• My personal experience is that the people who actively dislike Eliezer are specifically the people who were already set on their path; they dislike Eliezer mostly because he’s telling them to get off that path.

I could be wrong, however; my personal experience is undoubtedly very biased.

• I’ll tell you that one of my brothers (who I greatly respect) has decided not to be concerned about AGI risks specifically because he views EY as being a very respected “alarmist” in the field (which is basically correct), and also views EY as giving off extremely “culty” and “obviously wrong” vibes (with Roko’s Basilisk and EY’s privacy around the AI boxing results being the main examples given), leading him to conclude that it’s simply not worth engaging with the community (and their arguments) in the first place. I wouldn’t personally engage with what I believe to be a doomsday cult (even if they claim that the risk of ignoring them is astronomically high), so I really can’t blame him.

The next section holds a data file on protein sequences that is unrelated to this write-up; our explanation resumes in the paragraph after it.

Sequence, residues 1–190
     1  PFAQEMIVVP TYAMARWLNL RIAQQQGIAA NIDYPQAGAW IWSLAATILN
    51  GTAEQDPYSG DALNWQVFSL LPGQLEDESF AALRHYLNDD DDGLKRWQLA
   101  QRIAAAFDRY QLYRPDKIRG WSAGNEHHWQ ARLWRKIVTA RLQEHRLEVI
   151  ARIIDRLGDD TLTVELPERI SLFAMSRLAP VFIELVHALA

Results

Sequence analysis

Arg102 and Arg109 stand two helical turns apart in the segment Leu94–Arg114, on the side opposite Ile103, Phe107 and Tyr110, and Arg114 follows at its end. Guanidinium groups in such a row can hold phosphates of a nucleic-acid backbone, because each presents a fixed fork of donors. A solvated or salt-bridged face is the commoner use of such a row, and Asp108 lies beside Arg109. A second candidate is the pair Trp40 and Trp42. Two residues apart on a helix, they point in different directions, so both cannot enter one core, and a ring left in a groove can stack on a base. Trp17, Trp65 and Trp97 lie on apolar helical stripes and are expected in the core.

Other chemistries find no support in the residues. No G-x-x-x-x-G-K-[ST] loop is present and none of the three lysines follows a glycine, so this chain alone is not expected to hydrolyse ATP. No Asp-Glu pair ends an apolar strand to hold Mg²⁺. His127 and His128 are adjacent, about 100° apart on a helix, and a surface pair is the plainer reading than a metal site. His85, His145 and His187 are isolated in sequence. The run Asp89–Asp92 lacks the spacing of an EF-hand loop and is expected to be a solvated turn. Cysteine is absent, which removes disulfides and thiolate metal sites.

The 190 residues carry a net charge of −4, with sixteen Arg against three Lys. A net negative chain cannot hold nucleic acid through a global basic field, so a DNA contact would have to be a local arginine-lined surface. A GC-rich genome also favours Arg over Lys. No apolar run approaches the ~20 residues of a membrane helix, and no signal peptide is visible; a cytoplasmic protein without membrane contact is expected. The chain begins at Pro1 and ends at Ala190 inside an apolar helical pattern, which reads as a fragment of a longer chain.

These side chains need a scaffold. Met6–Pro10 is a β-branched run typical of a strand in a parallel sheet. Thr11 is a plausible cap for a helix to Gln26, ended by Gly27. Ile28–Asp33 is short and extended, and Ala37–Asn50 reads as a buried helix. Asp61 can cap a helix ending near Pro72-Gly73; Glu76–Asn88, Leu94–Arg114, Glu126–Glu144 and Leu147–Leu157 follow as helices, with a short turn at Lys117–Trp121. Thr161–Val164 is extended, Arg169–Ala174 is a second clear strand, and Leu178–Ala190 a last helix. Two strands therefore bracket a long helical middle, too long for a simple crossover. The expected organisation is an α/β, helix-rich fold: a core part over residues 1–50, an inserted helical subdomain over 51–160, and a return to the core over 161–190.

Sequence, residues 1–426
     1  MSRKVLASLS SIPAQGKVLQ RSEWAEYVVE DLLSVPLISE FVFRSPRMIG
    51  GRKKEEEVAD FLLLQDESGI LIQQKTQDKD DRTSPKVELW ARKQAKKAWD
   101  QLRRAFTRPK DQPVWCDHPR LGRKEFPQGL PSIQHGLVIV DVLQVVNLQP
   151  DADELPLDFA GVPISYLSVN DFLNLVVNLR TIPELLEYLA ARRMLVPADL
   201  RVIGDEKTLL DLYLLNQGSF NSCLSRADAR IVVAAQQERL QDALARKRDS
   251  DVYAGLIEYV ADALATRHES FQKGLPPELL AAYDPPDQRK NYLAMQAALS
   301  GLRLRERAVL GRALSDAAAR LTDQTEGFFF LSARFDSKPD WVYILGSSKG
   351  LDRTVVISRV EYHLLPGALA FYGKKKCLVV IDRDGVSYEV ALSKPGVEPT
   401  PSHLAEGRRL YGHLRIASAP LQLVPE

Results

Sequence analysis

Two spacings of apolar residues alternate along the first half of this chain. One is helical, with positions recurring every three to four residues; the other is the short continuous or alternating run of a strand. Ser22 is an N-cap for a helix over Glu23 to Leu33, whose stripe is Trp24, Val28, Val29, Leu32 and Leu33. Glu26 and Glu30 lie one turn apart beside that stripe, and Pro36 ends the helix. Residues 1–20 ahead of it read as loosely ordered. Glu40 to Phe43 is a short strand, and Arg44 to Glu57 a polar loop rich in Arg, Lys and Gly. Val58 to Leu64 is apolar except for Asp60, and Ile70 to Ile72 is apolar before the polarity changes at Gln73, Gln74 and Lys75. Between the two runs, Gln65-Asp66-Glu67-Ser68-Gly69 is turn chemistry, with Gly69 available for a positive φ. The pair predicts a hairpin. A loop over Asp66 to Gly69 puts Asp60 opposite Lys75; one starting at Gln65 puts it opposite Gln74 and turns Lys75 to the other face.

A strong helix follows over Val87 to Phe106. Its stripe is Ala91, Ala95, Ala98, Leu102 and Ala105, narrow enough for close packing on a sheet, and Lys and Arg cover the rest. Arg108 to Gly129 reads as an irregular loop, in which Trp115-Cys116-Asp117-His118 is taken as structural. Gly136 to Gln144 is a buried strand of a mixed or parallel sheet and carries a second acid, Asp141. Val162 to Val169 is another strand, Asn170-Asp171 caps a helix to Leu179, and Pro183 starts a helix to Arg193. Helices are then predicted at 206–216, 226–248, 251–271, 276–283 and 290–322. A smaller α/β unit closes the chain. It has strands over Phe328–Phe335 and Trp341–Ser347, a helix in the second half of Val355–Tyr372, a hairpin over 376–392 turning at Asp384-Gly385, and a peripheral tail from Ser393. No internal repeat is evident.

I’m also aware of an individual who has enormous cultural influence, and was interested in rationalism, but heard from an unnamed researcher at Google that the rationalist movement is associated with the alt-right, so they didn’t bother looking further. (Yes, that’s an incorrect statement, but came from the widespread [possibly correct?] belief that Peter Theil is both alt-right and has/​had close ties with many prominent rationalists.) This indicates a general lack of control of the narrative surrounding the movement, and likely has directly led to needlessly antagonistic relationships.

• That’s putting it mildly.

The problems are well known. The mystery is why the community doesn’t implement obvious solutions. Hiring PR people is an obvious solution. There’s a posting somewhere in which Anna Salamon argues that there is some sort of moral hazard involved in professional PR, but never explains why, and everyone agrees with her anyway.

If the community really and literally is about saving the world, then having a constant stream of people who are put off, or even becoming enemies is incrementally making the world more likely to be destroyed. So surely it’s an important problem to solve? Yet the community doesn’t even like discussing it. It’s as if maintaining some sort of purity, or some sort of impression that you don’t make mistakes is more important than saving the world.